This is a brilliant example of the power of Internet tools, creativity and our willingness to act swiftly and decisively when we are committed to something. Vegemite
Who would have thought that tampering (which is how the crowd saw it) with a "low involvement' product such as a salty yeast extract spread could provoke such outrage. Clearly not Kraft, or not initially anyway. The volume of blogs, the venting of spleens and the sheer energy poured into the protest as it spilled out to every corner of the internet should confirm one thing: social media has the power to make or break a brand or product like no other medium. By yesterday morning a Hitler parody video clip had been viewed 46,000 times, making it the No. 1 comedy clip on YouTube this week, according to analysis by the online risk and reputation consultants SR7, which also logged more than 60 Facebook groups that had been formed expressly for the purpose of getting Kraft to dump the name. One such group, "Australia says no to iSnack 2.0" had more than 2500 members by yesterday morning.
The SR7 director James Griffin goes as far as to label this a "watershed" in marketing. "Regardless of whether or not this is a marketing ploy by Kraft, this is an example of social media determining the outcome of a marketing campaign."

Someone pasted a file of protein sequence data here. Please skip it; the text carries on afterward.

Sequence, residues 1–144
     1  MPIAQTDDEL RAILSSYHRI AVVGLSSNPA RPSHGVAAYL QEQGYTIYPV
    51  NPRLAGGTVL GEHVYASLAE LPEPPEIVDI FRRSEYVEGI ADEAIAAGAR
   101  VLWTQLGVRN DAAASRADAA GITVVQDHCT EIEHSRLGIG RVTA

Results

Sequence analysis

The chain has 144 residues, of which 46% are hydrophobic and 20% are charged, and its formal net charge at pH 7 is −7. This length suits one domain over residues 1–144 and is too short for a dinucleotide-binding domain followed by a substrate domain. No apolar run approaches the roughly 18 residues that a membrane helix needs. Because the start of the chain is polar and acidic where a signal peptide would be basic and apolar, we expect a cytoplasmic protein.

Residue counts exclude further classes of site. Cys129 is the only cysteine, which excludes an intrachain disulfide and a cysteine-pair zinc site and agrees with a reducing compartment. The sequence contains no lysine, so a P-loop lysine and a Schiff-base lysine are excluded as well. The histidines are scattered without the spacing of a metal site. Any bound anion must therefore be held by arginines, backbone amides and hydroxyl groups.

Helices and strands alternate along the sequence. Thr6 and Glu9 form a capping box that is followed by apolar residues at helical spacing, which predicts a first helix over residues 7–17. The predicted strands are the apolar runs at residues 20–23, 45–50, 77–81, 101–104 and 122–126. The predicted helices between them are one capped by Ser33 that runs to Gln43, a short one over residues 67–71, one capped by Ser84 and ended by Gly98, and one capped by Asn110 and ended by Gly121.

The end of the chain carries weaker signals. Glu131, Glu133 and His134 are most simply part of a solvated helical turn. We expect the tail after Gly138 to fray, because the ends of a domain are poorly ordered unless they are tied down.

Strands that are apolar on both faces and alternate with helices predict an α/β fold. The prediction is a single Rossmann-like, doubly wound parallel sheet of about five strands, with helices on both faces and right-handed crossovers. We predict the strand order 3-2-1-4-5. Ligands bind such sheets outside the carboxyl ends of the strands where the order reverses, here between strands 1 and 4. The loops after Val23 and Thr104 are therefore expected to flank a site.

Within five days of announcing a new name, Kraft had done a corporate about-face the likes of which we have not seen in a while...
Kraft is now faced with a very pumped up and aggravated bunch of Aussies who have already brought it to heel and will be watching the company's next move. Any hints that the entire exercise was a conspiracy could sink the new product and damage the Vegemite brand itself.
On the other hand, we are surrounded by pollution, dangerous ignorance, corruption, financial criminality, abuse, exploitation, slavery, intergenerational theft and a panoply of human-created catastrophes and failures that need exactly this level of attention and our response is what?
Re-naming the friggin vegemite.
Some days I despair.